EGU21-7687, updated on 12 Jan 2022
https://doi.org/10.5194/egusphere-egu21-7687
EGU General Assembly 2021
© Author(s) 2022. This work is distributed under
the Creative Commons Attribution 4.0 License.

Two-Phase Flow in Rough Fractures – Insights from 3D-Printed Fractures

Tomos Phillips1,2, Jeroen Van Stappen2, Tom Bultreys2, Stefanie Van Offenwert2, Arjen Mascini2, Shan Wang2, Veerle Cnudde2,3, and Andreas Busch1
Tomos Phillips et al.
  • 1Institute of GeoEnergy Engineering, Heriot-Watt University, The Lyell Centre, Edinburgh, UK
  • 2Department of Geology, PProGRess/UGCT, Ghent University, Belgium
  • 3Department of Earth Sciences, Utrecht University, Utrecht, The Netherlands

Fractures can provide principal fluid flow pathways in the Earth’s crust, making them a critical feature influencing subsurface geoenergy applications, such as the storage of anthropogenic waste, emissions or energy. In such scenarios, fluid-conductive fault and fracture networks are synonymous with two-phase flow, due to the injection of an additional fluid (e.g. CO2) into an already saturated (e.g. brine) system. Predicting and modelling the resulting (partly-)immiscible fluid-fluid interactions, and the nature of fluid flow, on the field-scale, requires an understanding of the constitutive relationships (e.g. relative permeability and capillary pressure) governing fluid flow on the single-fracture scale. In addition to capillary and viscous forces, fracture relative permeability is influenced by aperture heterogeneity, arising from surface roughness. The degree to which surface roughness controls relative permeability behaviour in fractures remains unclear. As all fractures display roughness to various degrees, furthering our understanding of two-phase flow in fractures benefits from a systematic investigation into the impact of roughness on flow properties. To this end, we performed co-injection experiments on two 3D-printed (polymeric resin) fractures with different controlled and quantified surface roughness distributions (Joint Roughness Coefficients of 5 & 7). Brine and decane were simultaneously injected at a series of incrementally decreasing brine fractional flow rates (1, 0.75, 0.5, 0.25, and 0), at low total volumetric flow rates (0.015 mL/min). Steady-state fluid occupancy patterns, preferential flow pathways and overall fluid saturations in each fracture were imaged and compared using an environmental laboratory-based μ-CT scanner with a 5.8 μm voxel size (EMCT; Ghent University Centre for X-ray Computed Tomography). Experimental results highlight the importance of roughness on the relative permeability behaviour of fractures, which is, for example, a principal control on leakage rates from geological stores.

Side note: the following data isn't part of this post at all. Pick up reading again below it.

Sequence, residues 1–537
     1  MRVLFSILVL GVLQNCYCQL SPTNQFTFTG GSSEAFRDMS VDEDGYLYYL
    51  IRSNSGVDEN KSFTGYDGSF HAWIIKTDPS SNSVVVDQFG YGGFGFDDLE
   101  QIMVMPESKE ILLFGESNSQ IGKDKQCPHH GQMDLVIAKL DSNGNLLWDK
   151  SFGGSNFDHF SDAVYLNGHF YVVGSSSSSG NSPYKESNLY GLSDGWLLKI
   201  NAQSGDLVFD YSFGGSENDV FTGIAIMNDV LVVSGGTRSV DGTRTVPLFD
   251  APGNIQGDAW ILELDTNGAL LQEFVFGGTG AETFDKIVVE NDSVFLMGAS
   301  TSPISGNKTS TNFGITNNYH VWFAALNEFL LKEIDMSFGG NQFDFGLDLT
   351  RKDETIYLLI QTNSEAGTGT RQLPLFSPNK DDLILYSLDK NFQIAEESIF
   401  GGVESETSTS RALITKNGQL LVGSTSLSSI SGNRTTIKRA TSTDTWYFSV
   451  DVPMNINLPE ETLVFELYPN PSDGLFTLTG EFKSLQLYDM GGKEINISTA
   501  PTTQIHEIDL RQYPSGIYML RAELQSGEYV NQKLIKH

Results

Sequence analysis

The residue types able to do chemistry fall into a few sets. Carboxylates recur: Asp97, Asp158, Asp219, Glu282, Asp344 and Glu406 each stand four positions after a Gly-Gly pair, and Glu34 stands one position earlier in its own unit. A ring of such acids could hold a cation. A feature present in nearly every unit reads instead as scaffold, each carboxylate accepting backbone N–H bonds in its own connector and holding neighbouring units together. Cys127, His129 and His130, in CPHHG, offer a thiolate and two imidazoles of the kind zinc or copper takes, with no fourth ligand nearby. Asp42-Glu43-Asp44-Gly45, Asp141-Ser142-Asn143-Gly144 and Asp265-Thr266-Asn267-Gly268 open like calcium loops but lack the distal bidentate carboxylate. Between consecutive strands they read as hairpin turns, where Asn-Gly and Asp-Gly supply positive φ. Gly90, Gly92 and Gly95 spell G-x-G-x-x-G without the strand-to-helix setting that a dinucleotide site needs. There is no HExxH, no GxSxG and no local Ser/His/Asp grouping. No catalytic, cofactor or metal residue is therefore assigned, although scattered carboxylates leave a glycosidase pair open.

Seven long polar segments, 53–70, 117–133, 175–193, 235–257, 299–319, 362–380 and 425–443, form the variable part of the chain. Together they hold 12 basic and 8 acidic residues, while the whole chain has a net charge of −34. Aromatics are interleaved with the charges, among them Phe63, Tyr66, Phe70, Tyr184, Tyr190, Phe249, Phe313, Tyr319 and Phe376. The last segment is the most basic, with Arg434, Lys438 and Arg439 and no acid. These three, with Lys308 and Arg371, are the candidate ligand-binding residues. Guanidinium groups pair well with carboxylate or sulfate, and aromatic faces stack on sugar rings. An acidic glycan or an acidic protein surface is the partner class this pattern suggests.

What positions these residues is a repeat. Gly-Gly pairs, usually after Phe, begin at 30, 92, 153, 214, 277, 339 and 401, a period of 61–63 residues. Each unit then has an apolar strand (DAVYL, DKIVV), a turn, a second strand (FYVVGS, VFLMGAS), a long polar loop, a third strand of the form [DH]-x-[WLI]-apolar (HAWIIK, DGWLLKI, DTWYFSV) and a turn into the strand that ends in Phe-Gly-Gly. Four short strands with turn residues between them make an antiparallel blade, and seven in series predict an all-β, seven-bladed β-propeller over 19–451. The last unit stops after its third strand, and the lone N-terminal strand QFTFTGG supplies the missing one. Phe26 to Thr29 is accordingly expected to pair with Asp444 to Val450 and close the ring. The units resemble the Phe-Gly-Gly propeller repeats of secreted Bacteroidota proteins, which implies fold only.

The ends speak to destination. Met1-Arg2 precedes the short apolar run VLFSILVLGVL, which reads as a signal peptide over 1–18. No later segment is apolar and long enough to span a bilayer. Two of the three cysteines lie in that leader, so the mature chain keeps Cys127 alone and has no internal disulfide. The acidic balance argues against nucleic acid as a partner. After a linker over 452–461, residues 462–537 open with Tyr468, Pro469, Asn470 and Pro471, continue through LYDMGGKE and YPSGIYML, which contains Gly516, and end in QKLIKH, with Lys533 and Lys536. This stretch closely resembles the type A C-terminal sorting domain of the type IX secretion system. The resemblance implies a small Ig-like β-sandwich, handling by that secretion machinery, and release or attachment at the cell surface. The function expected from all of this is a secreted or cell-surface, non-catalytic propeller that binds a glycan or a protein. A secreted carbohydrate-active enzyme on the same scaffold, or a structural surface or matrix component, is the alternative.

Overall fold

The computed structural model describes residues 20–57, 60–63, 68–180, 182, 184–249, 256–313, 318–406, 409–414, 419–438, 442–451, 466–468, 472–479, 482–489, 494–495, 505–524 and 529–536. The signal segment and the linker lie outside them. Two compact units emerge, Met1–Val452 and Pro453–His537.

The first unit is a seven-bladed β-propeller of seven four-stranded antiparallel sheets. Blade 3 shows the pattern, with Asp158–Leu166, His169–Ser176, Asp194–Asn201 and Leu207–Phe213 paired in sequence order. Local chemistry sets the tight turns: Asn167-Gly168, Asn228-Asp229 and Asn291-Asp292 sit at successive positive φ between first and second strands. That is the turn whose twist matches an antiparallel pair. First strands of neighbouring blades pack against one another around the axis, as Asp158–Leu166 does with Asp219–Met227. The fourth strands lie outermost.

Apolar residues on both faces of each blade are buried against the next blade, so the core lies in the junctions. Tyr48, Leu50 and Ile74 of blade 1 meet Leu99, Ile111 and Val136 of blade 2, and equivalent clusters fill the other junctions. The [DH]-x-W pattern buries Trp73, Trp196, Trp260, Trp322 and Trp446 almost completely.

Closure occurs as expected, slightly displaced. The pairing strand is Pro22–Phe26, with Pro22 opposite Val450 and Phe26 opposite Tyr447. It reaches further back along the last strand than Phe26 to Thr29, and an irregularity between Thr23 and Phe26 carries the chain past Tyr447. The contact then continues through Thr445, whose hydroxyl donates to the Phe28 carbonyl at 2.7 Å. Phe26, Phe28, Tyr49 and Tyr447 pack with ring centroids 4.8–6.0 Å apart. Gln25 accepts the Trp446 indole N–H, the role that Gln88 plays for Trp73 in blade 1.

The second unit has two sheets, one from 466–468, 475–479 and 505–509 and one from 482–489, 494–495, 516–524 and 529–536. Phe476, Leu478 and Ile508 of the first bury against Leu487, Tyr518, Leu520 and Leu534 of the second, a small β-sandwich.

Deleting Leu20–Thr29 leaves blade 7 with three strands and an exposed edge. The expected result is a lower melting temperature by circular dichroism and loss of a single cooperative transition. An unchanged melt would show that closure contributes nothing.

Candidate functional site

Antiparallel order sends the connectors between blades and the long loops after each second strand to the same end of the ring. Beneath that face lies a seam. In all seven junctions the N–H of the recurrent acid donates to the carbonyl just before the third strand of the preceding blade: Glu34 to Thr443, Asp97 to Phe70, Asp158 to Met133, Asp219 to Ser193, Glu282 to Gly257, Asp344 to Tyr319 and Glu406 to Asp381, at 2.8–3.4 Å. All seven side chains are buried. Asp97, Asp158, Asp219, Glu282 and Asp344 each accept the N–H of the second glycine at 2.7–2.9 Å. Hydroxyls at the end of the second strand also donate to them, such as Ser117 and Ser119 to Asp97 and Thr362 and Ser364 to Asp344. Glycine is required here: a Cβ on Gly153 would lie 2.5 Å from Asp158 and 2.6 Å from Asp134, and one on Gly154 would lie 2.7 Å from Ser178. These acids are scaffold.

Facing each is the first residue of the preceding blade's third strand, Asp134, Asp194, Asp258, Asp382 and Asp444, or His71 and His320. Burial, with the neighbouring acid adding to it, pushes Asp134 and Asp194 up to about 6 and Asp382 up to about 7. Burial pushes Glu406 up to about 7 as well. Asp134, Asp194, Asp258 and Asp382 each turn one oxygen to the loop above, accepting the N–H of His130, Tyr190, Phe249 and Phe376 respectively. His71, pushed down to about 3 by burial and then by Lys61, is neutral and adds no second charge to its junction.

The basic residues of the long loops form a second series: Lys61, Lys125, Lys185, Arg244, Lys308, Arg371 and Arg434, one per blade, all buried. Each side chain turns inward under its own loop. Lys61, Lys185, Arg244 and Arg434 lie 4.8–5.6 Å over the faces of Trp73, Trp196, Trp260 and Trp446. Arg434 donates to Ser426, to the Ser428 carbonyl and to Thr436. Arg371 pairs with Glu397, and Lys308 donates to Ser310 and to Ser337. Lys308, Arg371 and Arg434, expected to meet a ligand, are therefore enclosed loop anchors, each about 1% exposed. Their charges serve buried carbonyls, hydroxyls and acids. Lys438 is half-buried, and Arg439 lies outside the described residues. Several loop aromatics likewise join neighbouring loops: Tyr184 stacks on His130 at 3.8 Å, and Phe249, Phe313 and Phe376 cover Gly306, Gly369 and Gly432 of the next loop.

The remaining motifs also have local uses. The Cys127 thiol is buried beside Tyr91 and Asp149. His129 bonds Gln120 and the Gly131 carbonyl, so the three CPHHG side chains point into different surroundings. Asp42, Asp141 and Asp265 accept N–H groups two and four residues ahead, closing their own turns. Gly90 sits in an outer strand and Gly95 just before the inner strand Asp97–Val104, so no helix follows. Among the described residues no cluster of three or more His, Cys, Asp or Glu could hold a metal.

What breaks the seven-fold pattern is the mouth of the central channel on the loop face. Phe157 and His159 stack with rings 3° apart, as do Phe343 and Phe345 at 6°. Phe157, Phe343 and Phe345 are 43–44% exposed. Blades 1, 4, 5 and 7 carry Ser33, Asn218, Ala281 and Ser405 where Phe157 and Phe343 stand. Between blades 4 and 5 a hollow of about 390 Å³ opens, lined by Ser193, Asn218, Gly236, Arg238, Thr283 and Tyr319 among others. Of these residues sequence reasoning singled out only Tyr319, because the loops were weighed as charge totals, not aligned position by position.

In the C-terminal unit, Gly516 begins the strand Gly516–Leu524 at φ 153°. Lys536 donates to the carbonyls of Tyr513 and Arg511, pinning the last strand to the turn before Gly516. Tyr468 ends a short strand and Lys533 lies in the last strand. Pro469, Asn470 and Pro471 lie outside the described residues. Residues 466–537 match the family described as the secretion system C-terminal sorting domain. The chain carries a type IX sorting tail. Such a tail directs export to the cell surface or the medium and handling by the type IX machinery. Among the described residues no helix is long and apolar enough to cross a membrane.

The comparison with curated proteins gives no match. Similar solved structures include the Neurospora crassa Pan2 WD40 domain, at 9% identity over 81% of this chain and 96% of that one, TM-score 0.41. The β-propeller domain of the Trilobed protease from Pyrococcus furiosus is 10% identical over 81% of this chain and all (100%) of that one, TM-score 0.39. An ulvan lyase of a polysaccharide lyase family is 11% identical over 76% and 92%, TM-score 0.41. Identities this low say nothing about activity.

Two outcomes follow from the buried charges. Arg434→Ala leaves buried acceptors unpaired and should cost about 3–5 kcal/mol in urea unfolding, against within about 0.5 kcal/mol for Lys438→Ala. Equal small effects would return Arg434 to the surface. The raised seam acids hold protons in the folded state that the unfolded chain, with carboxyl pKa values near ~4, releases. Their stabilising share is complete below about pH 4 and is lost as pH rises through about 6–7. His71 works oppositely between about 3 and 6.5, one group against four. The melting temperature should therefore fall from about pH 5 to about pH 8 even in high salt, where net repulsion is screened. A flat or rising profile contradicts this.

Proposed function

How to cite: Phillips, T., Van Stappen, J., Bultreys, T., Van Offenwert, S., Mascini, A., Wang, S., Cnudde, V., and Busch, A.: Two-Phase Flow in Rough Fractures – Insights from 3D-Printed Fractures, EGU General Assembly 2021, online, 19–30 Apr 2021, EGU21-7687, https://doi.org/10.5194/egusphere-egu21-7687, 2021.

Corresponding presentation materials formerly uploaded have been withdrawn.